Critical Theory firstname.lastname@example.org Media & Culture ACE School 27.11.08 Karl Marx: The 11th Thesis on Feuerbach (1845) ‘ Philosophers have only interpreted the world in various ways; the point is to change it. ’ The ‘Frankfurt School’
Media & Culture
‘Philosophers have only interpreted the world in various ways; the point is to change it.’
Institut für Sozialforschung (Institute for Social Research)
University of Frankfurt, Germany 1923 – 1933/ 1950 –
Institute for Social Research, Columbia University,
New York City 1938 – (1949)
Max HORKHEIMER 1895 – 1973
Herbert MARCUSE 1898 – 1978
Erich FROMM 1900 – 1980
Theodor Wiesengrund ADORNO 1903 – 1969
Jürgen HABERMAS 1929 –
Walter BENJAMIN 1892 – 1940
Adorno: On Jazz (1936)
On the Fetish-Character in Music (1938)
On Popular Music (1941)
Philosophy of Modern Music (1949/1973)
The Authoritarian Personality (1950) with others
Negative Dialectics (1966/1972)
Benjamin: The Work of Art in the Age of Mechanical
The Complete Correspondence 1928-40 (1999)
Illuminations (ed. Arendt, 1968)
Adorno & Horkheimer: Dialectic of Enlightenment (1946 rev.1969)
Habermas: Structural Transformation of the Public
Marcuse: Eros and Civilisation (1955)
One-Dimensional Man (1964)
It is sought after as an escape from the mechanized work
process,and to recruit strength in order to be able to cope
with it again.
But at the same time mechanisation has such power over
a man’s leisure and happiness, and so profoundly determines
the manufacture of amusement goods, that his experiences
are inevitably afterimages of the work process itself.
- Adorno & Horkheimer Dialectic of Enlightenment (1946/1969)
emancipates the work of art from its parasitical dependence
on ritual (*). To an ever-greater degree the work of art reproduced
becomes the work of art designed for reproducibility…
Instead of ritual, it begins to be based on another practice
*= We know that the earliest art works originated in the
service of ritual – first the magical, then the religious kind.
– The Work of Art in Age of Reproduction, 1936.
Reproduced in Illuminations ed. Hannah Arendt 1969, pp.210-44.
I got high last night on LSD
My mind was beautiful, and I was free
Warts loved my nipples because they are pink
Vomit on me, baby, yeah yeah yeah.
A blind man’s penis is erect because he's blind…
Let's make love under the stars and watch for UFOs
And if little baby Martians come out of the UFOs
You can fuck them, yeah yeah yeah.
The zebra spilled its plastinia on Bemis
And the gelatin fingers oozed electric marbles
Ramona's titties died in hell
And the Nazis want to kill everyone.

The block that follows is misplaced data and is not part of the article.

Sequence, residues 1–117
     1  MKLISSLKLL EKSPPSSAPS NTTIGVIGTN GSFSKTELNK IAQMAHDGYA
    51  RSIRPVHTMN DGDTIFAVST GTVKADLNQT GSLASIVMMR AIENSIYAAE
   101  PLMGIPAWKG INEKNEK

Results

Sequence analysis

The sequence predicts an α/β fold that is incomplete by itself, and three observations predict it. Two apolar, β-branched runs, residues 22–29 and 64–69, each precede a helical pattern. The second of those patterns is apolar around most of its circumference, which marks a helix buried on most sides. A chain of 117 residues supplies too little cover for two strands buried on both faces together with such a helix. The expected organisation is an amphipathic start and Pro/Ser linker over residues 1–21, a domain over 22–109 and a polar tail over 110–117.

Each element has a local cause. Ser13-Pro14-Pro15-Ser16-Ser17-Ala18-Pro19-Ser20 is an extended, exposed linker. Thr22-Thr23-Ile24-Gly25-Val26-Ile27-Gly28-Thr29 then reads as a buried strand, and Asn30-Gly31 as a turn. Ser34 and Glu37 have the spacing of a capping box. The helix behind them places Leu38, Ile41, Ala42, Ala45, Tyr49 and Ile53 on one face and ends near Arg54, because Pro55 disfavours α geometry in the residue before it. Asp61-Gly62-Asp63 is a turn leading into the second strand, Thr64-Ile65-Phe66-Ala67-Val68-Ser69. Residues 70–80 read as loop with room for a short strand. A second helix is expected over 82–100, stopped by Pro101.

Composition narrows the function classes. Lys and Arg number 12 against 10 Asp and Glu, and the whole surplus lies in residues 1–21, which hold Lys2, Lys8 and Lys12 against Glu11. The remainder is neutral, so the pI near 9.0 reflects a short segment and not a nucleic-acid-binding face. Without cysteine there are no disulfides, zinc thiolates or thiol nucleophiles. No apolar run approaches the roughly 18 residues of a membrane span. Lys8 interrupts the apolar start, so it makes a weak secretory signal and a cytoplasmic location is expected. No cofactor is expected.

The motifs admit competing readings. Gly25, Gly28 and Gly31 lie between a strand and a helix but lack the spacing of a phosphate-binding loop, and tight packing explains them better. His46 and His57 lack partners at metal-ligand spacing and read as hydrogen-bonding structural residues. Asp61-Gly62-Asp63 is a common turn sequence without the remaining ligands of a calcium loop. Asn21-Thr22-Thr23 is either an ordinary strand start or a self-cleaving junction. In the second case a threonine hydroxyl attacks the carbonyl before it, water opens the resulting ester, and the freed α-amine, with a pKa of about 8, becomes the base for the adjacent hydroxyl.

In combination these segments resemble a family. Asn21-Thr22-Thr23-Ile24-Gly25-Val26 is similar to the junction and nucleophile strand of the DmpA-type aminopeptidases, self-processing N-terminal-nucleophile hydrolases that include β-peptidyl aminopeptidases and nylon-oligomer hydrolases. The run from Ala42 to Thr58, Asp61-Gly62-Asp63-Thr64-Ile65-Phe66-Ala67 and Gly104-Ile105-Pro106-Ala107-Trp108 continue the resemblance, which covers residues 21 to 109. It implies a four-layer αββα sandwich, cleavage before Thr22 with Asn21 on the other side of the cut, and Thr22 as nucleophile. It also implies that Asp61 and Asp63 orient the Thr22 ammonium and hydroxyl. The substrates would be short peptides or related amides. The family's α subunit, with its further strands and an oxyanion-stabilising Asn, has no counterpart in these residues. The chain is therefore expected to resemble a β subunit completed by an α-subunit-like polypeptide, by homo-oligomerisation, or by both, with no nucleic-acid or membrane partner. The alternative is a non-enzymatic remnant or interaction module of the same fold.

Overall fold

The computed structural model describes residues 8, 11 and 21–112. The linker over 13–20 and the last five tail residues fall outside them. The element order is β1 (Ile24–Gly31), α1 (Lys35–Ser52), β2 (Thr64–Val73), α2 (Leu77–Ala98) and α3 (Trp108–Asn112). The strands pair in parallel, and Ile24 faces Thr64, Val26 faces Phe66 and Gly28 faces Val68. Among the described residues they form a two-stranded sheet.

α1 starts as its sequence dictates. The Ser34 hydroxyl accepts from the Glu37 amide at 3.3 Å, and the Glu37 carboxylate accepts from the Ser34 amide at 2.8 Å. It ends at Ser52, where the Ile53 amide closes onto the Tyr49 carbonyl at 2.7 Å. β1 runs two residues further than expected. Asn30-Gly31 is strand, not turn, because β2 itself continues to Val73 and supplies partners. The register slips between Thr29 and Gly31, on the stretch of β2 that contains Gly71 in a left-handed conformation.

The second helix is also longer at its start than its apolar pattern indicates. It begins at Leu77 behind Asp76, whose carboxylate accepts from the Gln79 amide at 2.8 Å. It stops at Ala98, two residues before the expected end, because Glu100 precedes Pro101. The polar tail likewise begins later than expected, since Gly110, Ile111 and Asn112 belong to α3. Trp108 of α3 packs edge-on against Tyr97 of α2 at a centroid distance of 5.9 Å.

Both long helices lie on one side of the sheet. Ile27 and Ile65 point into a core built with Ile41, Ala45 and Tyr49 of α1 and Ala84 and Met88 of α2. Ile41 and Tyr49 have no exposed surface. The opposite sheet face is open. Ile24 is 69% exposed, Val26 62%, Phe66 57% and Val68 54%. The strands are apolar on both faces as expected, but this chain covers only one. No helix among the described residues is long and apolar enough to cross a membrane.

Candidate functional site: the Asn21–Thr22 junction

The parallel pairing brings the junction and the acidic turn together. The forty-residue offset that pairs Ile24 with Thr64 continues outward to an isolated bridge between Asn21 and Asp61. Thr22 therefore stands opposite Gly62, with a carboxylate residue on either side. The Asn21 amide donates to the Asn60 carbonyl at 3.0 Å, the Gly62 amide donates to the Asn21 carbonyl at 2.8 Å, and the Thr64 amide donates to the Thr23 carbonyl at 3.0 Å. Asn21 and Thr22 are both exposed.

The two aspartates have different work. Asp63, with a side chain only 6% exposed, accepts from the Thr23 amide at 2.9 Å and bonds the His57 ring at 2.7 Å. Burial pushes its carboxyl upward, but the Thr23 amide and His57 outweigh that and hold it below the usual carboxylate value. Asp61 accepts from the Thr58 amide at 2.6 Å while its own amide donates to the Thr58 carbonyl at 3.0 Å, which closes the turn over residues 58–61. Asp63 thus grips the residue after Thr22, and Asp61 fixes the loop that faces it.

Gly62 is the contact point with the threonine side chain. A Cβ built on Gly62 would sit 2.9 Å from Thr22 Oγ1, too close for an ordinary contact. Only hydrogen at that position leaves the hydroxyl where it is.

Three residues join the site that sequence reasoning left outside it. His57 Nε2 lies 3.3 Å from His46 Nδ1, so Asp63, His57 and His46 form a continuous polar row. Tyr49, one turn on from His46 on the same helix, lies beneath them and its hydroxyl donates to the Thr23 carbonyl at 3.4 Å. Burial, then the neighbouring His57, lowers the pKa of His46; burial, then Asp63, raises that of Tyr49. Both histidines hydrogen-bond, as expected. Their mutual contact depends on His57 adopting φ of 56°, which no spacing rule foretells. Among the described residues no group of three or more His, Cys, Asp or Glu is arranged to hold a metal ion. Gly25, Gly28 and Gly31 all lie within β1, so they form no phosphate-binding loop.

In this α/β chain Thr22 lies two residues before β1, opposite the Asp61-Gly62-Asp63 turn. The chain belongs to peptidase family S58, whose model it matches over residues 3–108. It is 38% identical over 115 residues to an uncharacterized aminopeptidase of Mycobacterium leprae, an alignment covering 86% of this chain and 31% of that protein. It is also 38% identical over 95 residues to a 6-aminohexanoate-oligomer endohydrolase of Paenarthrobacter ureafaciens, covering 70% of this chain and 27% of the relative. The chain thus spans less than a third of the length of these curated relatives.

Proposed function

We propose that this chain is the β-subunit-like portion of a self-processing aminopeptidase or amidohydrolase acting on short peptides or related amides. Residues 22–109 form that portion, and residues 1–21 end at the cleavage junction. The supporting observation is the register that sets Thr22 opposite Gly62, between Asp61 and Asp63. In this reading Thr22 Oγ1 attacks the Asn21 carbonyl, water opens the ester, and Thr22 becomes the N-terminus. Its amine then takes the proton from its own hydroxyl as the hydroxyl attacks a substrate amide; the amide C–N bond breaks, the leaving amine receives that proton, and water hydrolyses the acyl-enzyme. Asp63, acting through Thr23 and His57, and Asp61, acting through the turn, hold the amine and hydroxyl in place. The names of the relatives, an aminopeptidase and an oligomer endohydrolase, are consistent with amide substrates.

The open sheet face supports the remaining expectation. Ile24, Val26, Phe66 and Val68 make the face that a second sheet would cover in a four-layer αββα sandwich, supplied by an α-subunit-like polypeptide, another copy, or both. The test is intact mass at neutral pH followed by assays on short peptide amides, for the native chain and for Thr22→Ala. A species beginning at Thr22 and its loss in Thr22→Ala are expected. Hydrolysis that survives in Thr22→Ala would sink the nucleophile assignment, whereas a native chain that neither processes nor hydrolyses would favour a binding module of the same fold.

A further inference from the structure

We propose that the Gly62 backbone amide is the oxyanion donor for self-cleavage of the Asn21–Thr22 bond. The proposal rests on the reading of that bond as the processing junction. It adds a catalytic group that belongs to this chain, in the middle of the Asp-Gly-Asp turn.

A blind man’s penis is erect because he's blind ...
listening to them is a reversion to childhood.
2. The public need and demand what has been palmed-off on them.
3. They cannot stand the strain of concentrated listening.
4. Songs are standardised.
5. Listeners like distinct instrumental timbres in choruses...
just like the delight of children in bright colours.
6. The timbres must be of an approved type.
7. These listeners have 'bad ears', which only hear
what's demanded of them.
8. These listeners arrogantly reject everything that's unfamiliar.
– Adorno: On Popular Music (1941)
Three orders of simulacra:
1. Pre-modern period: the image is an illusion, a makeshift
for the real.
2. C19 Industrial revolution: mass production and the
proliferation of copies breaks down the distinctions between
image and representation.
Photography threatens to replace reality by imitating it well.
Yet through critique and action, one can still access
the hidden fact of the real.
3. Postmodern age: the representation precedes and
determines the real. There is only the simulacrum.
– trans. Sheila Faria Glaser. Ann Arbor: University of Michigan Press, 1994.
Jacques Attali: Bruits – essai sur l’économie politique de la musique
(Paris, Presses Universitaires de France, 1977)
Three strategic uses of music by those in power:
1. RITUAL – to make people forget that they could be free.
2. HARMONY – to make people believe that there is
harmony in the world.
3. SILENCE – the manufacture of a pervasive, reductive
music that censors all other sounds.
SACRIFICING – Ritual sacrifice is a way of socially
channelling violence. Noise is violence…
to interrupt a transmission, to disconnect, to kill…
Music is a channelisation of noise, a simulacrum of
the sacrifice (p.26).
2. REPRESENTING –The entire history of tonal music…
amounts to an attempt to make people believe in a
consensual representation of the world (p.46).
Representation leads to exchange and harmony;
it requires a system of measurement … and hierarchy (p.62).
3. REPEATING – recording brings repetitive mass production
(p.101). The music of revolt is tamed into a repetitive
commodity, each priced the same as the rest (p.103).
4. COMPOSING – music is undertaken solely for the pleasure of the
person who does it. Such activity involves a radical rejection of
the specialized roles (composer, performer, audience) that
dominated all previous music (p.135).
– see Attali, J: Noise trans. Brian Massumi, Manchester University Press, 1985.
‘Historical experience has shown that there is no resisting
technological revolution, and I do not see how this revolution
would be disastrous for art, or its economy. This economy is
today evolving towards something radically new: people
no longer simply want to consume art, but to make it too.
And for this, they want to listen for free. ... iPods allow people
to listen to personal selections of music. We will be moving
on to objects that can compose creative mixes and then
compose music themselves. Selling the means to become
an artist will make up the major part of art commerce.
Well-known artists will then serve to help others become artists.’
– Attali interviewed by Gilles Anquetil and François Armanet,
Le Nouvel Observateur (22.03.2007)